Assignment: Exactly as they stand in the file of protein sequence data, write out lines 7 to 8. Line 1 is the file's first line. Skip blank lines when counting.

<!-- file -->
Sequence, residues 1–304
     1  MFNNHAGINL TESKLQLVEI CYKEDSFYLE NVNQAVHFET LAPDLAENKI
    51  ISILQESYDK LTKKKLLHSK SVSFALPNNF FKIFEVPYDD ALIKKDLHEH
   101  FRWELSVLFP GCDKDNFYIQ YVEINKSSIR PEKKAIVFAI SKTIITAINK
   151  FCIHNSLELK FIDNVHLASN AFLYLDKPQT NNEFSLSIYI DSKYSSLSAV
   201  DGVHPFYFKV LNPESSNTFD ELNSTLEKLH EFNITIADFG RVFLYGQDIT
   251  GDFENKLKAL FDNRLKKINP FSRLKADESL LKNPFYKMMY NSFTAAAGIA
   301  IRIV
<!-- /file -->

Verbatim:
   251  GDFENKLKAL FDNRLKKINP FSRLKADESL LKNPFYKMMY NSFTAAAGIA
   301  IRIV